The AATA fiscal year runs from Oct. 1 through Sept. 30. The budget approved by the board calls for expenses of $30,410,616 against only $29,418,995 in revenues, for a deficit in the coming year of $991,621. At the meeting, members stressed that the nearly $1 million deficit was due to one-time expenses associated with the planned transition to a countywide service. They also stressed that even by using unrestricted reserves over the next year to cover the planned deficit, the AATA would still be left with more than three months’ worth of operating expenses in its reserve.

Incurring a deficit this year was characterized as a way to “catapult” the organization forward, allowing it to pursue an aggressive work plan for the coming year, which was also approved at the meeting. Highlights of that work plan include reconstruction of the Blake Transit Center in downtown Ann Arbor. Design for the station is expected to be complete by the end of the year, with construction to start in spring 2012.

In terms of increased service, next year’s work plan includes a focus on: establishing the AATA as a vanpool service provider; establishing service to the Detroit Metro Airport; improving work-transportation connections between Ann Arbor and Ypsilanti; and continuing work on commuter rail. Also related to enhanced services, the AATA is also holding rider forums in October to get feedback on proposed increased service on Route #4, between Ann Arbor and Ypsilanti.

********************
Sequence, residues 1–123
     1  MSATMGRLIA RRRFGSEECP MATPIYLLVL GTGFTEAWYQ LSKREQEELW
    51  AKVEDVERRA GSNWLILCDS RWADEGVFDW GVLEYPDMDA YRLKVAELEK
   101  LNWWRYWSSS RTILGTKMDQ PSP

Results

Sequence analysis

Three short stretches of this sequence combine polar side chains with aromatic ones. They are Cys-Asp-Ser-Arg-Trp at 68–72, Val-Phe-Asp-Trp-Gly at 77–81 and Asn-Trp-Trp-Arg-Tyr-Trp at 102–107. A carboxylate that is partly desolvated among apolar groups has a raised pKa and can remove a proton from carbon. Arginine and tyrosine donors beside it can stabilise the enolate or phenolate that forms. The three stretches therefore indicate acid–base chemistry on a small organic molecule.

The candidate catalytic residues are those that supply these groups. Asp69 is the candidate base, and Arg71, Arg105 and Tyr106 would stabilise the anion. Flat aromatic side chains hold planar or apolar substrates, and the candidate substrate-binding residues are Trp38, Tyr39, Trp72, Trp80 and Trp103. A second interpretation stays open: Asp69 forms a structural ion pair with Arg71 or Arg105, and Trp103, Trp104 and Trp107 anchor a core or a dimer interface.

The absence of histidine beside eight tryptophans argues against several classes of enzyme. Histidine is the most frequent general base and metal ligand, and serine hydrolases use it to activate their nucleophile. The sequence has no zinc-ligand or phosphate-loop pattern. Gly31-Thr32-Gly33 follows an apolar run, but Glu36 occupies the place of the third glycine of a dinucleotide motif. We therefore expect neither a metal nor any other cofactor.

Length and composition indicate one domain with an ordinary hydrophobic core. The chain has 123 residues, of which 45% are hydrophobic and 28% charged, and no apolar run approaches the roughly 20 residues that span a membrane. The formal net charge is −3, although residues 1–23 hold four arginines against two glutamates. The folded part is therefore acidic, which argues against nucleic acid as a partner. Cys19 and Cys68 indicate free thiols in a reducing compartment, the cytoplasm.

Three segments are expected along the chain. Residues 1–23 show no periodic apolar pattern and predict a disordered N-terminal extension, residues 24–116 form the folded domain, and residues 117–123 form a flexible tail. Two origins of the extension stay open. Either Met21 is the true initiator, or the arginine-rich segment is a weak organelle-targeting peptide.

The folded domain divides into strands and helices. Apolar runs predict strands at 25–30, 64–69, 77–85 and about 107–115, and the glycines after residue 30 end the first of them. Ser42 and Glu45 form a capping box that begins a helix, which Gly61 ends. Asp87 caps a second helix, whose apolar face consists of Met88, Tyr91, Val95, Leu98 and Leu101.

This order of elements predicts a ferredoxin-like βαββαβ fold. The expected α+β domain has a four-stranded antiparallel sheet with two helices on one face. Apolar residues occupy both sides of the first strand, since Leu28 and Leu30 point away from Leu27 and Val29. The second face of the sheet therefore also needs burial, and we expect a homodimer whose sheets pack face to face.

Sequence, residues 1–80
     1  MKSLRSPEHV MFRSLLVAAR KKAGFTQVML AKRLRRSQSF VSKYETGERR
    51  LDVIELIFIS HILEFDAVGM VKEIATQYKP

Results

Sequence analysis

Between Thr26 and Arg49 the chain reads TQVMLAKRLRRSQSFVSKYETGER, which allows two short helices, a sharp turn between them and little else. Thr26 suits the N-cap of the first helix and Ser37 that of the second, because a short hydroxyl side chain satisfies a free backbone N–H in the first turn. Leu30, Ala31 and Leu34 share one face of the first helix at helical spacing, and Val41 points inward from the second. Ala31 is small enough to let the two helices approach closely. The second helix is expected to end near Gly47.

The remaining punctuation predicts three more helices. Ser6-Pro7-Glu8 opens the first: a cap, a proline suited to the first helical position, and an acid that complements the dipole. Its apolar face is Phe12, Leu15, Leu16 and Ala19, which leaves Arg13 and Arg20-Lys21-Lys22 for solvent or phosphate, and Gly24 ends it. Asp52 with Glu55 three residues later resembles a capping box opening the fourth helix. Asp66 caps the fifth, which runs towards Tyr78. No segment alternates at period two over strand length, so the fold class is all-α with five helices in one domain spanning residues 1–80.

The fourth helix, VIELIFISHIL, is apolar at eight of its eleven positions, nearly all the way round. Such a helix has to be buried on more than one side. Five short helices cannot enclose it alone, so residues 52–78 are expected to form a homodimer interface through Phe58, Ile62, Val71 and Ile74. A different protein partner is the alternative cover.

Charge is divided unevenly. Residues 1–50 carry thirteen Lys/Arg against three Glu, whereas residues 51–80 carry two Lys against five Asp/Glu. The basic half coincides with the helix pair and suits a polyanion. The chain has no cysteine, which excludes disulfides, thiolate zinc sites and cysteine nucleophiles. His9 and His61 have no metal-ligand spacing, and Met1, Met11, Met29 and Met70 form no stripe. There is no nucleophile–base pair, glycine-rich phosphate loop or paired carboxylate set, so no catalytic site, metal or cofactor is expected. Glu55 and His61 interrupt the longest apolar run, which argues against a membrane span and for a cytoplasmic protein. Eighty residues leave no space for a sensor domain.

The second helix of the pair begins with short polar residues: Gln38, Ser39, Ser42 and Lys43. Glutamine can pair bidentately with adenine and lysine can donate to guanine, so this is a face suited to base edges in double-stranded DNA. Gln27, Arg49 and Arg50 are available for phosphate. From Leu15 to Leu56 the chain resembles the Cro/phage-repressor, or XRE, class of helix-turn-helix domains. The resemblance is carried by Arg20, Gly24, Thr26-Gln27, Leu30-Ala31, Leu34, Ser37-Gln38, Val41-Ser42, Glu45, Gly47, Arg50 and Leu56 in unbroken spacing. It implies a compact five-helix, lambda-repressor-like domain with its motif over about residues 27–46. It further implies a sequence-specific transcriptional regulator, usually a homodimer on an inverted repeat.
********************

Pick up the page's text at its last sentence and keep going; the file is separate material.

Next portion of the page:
Related specifically to commuter rail, the board received an update at the meeting on the Washtenaw Livingston Line (WALLY) project, a proposed north-south commuter rail connection between Howell and Ann Arbor. The board expressed some caution about the project by passing a resolution that requires the board’s explicit approval for the expenditure of the $50,000 in next year’s budget allocated for station designs.

In other business, the board approved the selection of Plante & Moran as its new auditor. A new auditor rotation policy put in place by the board earlier this year made the previous auditor, Rehmann Robson, ineligible for the contract. The AATA board also approved a contract with an outside vendor to begin offering vanpool service.

In business that could be described as housekeeping, the board opted to keep its same slate of officers for the coming year and to keep the same meeting schedule – the third Thursday of the month. Jesse Bernstein was elected chair last year, and will continue in that role.